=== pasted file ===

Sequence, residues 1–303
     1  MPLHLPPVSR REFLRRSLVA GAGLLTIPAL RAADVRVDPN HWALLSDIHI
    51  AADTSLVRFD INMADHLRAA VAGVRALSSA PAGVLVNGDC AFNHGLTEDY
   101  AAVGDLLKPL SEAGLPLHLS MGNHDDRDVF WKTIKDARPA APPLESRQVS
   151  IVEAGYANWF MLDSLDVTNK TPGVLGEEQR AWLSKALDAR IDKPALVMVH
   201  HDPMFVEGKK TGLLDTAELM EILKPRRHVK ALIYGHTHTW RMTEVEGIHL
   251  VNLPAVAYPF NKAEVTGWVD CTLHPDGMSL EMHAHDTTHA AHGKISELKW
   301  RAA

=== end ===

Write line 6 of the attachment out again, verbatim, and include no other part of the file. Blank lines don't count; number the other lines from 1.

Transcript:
   201  HDPMFVEGKK TGLLDTAELM EILKPRRHVK ALIYGHTHTW RMTEVEGIHL